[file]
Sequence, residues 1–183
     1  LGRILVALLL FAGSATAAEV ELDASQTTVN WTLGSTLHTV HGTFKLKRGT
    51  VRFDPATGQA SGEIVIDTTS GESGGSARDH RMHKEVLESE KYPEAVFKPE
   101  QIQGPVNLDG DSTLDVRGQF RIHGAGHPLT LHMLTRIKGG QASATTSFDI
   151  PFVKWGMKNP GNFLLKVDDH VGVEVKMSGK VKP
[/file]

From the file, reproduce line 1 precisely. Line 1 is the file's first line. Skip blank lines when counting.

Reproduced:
Sequence, residues 1–183